Scavengers stripped the dead clean and recycling teams took them away. There was no dignity here in the mountains on top of the world.

The smell was unbearable.

They kept going, one foot in front of the other, mile after agonising mile, ignoring the dead and the extended hands of the destitute and needy.

When they ran out of food, Norog would fight in the Pits against all-comers. Sometimes Tamachi would slip out at night and come back with exotic foodstuffs that none of them had ever seen before. They never asked him where he got the stuff from. It was best not to enquire.

Hard faced Arbites moved them on with shoves and threats, sneering at their uniforms and bearing. No one was special here, no one deserved better treatment than the rest.
Scheuer tried to protest and he threatened all sorts of retribution on these men, but his medals and decorations meant nothing to them.

“Move along citizen. Move along.”

Then one clear morning they passed through a massive bastion of adamantium bristling with weaponry, its walls lined with grim troopers in carapace armour bearing the winged Aquila emblem of Terra.
Scheuer’s eyes were closed, but he had a wide smile on his face. His fingers were crossed across his chest.
He whispered litanies and prayed for more time.

Onwards and upwards through crowds of chanting pilgrims and then further and deeper into the Palace where wonderful murals lined walls of gold and silver depicting the Lord of Man with his vaunted Space Marines. Battles. Wars. Victories.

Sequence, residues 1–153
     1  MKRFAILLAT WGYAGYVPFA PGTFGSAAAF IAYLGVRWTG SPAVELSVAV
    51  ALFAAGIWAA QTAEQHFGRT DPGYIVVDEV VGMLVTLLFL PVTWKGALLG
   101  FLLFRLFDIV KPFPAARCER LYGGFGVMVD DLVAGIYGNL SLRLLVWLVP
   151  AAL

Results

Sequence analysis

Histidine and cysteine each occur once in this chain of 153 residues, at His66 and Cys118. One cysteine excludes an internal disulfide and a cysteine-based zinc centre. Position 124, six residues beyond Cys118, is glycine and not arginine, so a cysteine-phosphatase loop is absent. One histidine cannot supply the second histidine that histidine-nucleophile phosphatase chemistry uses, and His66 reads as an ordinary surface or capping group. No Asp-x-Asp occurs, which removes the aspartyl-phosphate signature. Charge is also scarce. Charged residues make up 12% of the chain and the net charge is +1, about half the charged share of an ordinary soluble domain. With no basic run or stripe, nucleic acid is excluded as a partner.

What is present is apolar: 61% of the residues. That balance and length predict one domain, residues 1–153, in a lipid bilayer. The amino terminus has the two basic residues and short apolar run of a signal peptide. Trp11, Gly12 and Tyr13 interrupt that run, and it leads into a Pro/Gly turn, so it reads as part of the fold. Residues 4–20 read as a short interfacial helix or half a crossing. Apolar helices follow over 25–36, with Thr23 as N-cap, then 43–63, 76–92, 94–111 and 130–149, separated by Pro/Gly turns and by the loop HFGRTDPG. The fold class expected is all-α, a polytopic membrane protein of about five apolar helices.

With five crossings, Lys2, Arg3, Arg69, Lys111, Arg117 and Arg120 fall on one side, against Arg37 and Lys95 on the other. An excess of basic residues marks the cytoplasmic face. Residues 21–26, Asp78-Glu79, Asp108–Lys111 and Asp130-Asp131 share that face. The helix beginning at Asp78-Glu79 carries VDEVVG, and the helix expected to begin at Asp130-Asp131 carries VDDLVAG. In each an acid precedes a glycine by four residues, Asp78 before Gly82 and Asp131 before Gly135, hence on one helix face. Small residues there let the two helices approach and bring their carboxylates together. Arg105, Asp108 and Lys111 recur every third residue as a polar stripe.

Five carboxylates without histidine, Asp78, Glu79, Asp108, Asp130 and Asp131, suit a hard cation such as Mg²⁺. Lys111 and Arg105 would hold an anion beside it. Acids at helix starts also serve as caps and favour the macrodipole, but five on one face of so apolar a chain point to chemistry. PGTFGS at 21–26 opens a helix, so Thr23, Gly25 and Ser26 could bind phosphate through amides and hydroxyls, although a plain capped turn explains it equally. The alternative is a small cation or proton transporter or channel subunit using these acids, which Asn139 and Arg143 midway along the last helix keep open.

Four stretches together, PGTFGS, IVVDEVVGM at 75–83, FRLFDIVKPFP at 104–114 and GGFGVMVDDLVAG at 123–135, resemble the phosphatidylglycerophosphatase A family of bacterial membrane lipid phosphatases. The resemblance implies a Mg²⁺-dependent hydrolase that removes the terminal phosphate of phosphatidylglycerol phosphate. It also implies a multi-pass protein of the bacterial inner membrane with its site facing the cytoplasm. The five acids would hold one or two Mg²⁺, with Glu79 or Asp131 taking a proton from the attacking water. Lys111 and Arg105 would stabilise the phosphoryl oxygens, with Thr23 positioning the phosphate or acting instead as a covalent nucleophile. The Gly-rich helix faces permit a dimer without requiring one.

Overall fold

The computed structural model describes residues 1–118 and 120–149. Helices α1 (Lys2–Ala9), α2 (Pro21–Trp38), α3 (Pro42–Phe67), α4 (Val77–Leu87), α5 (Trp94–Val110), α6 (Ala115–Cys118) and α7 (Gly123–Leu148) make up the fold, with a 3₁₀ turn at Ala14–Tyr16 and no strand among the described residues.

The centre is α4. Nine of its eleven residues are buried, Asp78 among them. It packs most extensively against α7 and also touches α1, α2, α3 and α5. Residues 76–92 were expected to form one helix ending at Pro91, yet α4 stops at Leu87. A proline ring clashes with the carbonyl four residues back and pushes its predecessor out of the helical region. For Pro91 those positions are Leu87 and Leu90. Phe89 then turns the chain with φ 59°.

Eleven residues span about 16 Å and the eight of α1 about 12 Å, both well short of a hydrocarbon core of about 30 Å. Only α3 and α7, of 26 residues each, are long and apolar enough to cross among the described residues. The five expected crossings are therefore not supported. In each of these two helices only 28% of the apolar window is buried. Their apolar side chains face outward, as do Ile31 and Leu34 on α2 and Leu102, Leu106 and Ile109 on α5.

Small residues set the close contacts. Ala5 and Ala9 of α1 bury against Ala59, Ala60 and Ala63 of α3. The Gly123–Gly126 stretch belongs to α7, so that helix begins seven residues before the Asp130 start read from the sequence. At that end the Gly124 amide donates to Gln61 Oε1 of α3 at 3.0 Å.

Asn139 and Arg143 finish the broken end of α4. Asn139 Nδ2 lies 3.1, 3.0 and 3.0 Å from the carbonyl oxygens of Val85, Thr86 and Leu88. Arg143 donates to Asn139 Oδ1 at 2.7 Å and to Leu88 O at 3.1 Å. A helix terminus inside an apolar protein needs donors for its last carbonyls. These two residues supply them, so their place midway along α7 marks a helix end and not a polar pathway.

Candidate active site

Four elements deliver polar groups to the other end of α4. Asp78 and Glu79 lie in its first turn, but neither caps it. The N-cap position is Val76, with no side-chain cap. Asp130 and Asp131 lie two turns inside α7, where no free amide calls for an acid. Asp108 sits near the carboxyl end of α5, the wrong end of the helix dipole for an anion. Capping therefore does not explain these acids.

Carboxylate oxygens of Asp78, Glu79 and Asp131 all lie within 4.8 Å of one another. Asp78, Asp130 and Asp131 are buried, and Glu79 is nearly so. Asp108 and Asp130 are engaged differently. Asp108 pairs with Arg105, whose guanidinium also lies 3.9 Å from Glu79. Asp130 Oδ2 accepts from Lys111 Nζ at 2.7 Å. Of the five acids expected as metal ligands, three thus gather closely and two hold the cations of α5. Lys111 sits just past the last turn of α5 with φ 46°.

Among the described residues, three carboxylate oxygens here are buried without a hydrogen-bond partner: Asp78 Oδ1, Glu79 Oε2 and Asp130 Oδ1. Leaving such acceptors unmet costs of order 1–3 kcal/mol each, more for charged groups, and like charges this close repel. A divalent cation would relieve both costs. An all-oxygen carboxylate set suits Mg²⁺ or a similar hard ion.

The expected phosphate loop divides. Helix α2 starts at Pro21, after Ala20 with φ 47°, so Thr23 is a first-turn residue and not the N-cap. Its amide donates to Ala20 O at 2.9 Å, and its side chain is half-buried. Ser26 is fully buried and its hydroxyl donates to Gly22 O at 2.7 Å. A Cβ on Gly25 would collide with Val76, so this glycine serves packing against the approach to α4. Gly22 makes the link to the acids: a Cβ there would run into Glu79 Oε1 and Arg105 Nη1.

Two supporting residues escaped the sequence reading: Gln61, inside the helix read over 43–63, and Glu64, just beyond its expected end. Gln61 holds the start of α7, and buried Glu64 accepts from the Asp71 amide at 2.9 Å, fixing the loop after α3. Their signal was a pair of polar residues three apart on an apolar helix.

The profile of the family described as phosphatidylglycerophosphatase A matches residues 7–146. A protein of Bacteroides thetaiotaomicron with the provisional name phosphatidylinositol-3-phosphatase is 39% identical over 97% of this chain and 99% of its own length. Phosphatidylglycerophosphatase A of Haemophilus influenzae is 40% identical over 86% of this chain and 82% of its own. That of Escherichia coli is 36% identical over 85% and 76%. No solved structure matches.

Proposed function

Then there were gargantuan statutes of heroes from antiquity and Incredible works or art that were the size of small Hives. Sights that no man had ever beheld, nor ever would again.

Then finally one day, they were stopped by the masses who were now silent and in awe.

“Dere is a door Boss, a shiny door wiv two big men.” Said Norog enthusiastically.
Scheuer smiled, gripping the ogryn’s arm.
“It is the gate sergeant. The way leading to it is a mile long. Those...” he coughed a deep throaty cough. “Those men are Imperial titans.” He tried to laugh but the effort caused him distress. “Titans... the big metal walkers…”
“I will lift you up Boss, so you can see dem. Me and Tachi will help you up.”

But when they went to him, the Hero of the Augustus Gate and the Siege of Andromeda was gone. Lord-commissar Scheuer was with his God now and forever at peace.

Across that sanctified mile. Past the millions of banners and flags and the statues of the Heroes of the Imperium. Beyond that golden gate, the greatest man to have ever lived looked down on all he surveyed. Was that a sigh in a place without sound? Was that a whisper in a place that no spoken word was uttered? If one of the hundreds of golden warriors of the Custodes dared glance in His direction, and upon that grim, mummified face that none dared to look upon, would they have seen a tiny sparkle in the corner of one of those empty eye sockets?

A tear of sadness perhaps? A tiny sign from He who watches over all…